Hazing News

The Death of Clemson Pledge Tucker Hipps

The Death of Clemson Pledge Tucker Hipps

By Hank Nuwer

The death of Clemson University Sigma Phi Epsilon pledge Tucker Hipps, 19, understandably has torn apart the hearts of campus members at this close-knit institution of higher learning.


And I should disclose that I once taught at Clemson some 32 years ago and loved the school, its students, and my colleagues.  Hazing was not a big issue at Clemson in 1982-1983, but alcohol abuse and the school’s issues with fraternity parties and nearby downtown bars was a concern of administration and faculty back then. My condolences go out to the family of Tucker but also out to the extended Clemson community.


Unless toxicology results shed light on Hipps’ death, his death will join a small number of other pledging and initiation deaths that remain a mystery. For unless there is a cover-up by fraternity members, and the intense investigation of Oconee County Sheriff Mike Crenshaw has not uncovered one, only Tucker himself knows how he fell from a high bridge span into the rock-bottomed, relatively shallow waters of Lake Hartwell, where he and about 30 Sig Ep pledges and members were jogging around 5:30 a.m.


Here are a couple of the mystery deaths my research has uncovered. Link to


1)        In 1873, Kappa Alpha Society pledge Mortimer Leggett perished in a fall into a steep gorge while accompanied by members of the Cornell University chapter. A blindfold was found after the death, and the father expressed his suspicions, but the members stuck to the story that Mortimer wore no blindfold at the time of the mishap.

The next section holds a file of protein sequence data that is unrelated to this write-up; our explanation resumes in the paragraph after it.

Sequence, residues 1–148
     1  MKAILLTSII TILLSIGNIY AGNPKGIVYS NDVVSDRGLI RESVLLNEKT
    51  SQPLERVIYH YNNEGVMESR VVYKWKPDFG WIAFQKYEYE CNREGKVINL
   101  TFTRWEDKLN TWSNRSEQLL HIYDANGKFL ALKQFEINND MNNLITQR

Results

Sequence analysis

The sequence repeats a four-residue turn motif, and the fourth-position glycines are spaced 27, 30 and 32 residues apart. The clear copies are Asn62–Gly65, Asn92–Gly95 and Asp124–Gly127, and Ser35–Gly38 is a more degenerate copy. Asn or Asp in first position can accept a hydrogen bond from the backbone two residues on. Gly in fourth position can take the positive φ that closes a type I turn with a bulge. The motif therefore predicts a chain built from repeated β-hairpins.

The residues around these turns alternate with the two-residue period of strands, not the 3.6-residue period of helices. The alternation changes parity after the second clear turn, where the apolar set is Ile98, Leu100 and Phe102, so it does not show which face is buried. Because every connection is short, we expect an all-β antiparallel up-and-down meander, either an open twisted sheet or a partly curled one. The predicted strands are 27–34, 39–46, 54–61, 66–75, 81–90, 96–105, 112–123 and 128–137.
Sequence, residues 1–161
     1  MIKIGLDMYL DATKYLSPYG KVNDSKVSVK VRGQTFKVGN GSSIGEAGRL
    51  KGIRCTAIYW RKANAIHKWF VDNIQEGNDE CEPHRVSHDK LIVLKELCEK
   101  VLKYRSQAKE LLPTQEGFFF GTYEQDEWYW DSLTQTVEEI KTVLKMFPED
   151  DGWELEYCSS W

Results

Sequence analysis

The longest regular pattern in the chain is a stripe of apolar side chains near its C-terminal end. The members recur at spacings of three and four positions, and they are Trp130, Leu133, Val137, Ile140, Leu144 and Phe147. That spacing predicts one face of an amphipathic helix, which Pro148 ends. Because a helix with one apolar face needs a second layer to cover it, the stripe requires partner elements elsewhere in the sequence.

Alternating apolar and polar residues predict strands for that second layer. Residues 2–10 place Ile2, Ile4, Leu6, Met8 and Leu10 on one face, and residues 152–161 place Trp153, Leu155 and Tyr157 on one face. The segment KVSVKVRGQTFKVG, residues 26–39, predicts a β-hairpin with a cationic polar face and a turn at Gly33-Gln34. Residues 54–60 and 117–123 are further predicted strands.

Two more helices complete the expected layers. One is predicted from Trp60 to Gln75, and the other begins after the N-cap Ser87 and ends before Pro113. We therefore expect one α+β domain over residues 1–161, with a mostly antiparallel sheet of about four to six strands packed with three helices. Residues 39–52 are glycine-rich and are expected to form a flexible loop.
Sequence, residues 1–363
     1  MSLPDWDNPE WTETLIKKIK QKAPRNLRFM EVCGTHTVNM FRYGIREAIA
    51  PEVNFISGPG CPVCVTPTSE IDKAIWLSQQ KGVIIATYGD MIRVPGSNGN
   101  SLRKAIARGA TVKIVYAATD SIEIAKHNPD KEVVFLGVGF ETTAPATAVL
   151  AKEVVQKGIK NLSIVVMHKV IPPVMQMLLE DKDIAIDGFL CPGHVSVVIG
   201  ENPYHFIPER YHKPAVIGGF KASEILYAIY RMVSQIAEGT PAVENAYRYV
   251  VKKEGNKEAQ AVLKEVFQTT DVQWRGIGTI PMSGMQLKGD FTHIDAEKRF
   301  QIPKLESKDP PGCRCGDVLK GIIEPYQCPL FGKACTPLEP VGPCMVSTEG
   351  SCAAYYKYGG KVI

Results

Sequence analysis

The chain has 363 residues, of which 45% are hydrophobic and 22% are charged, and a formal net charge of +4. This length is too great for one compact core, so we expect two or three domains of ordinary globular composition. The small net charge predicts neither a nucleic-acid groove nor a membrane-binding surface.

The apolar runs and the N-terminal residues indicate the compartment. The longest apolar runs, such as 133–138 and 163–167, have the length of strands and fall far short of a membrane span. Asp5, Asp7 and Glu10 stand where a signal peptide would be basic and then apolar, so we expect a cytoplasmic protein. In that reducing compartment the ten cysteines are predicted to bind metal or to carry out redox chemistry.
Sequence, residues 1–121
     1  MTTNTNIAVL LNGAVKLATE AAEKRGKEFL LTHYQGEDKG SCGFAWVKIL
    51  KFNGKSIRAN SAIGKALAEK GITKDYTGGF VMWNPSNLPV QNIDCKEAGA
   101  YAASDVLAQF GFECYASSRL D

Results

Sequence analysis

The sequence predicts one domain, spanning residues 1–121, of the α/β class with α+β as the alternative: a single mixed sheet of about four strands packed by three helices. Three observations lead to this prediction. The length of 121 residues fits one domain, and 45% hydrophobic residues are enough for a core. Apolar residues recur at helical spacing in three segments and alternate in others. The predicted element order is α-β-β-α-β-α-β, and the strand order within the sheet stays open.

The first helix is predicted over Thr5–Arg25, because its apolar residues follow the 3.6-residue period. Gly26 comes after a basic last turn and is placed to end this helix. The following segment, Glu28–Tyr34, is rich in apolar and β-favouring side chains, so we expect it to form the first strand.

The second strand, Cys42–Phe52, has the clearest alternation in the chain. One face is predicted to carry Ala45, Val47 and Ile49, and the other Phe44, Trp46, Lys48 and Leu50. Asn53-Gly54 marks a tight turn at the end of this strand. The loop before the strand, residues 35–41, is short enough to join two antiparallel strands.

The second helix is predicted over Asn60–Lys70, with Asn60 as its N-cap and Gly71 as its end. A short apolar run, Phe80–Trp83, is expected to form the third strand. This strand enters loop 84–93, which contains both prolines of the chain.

2)        Delta Kappa Epsilon pledge Stuart L. Pierson was struck by a train on the tracks near Kenyon College in 1905. No definitive answers about that episode ever emerged, though rumors in newspapers went wild, and the hard questions simply evaporated when the father forgave the brothers.

3)        Northwestern University student Leighton Mount disappeared after a traditional class rush in 1921, and his body was found beneath a pier two years later. Rumors were rampant, but hard facts were absent.


Sheriff Crenshaw has said he and his force

have not located any evidence that hazing or foul play occurred, but his investigation is ongoing and toxicology reports (such as whether alcohol or drugs were in Hipps’ system) typically will take some time to emerge.


Here are some of my thoughts on the tragedy.


— The incident will not be hazing if, as USA Today writes, this is a volunteer run with elected pledges AND members as a group bonding experience.

— The incident could be hazing or possibly negligence if it is ever established that Hipps were sleep-deprived or under the influence of alcohol or both. The strongly anti-hazing national Sigma Phi Epsilon reiterated its anti-hazing values and promised its own investigation into the circumstances of death.


Two things trouble me in the news reports that have emerged.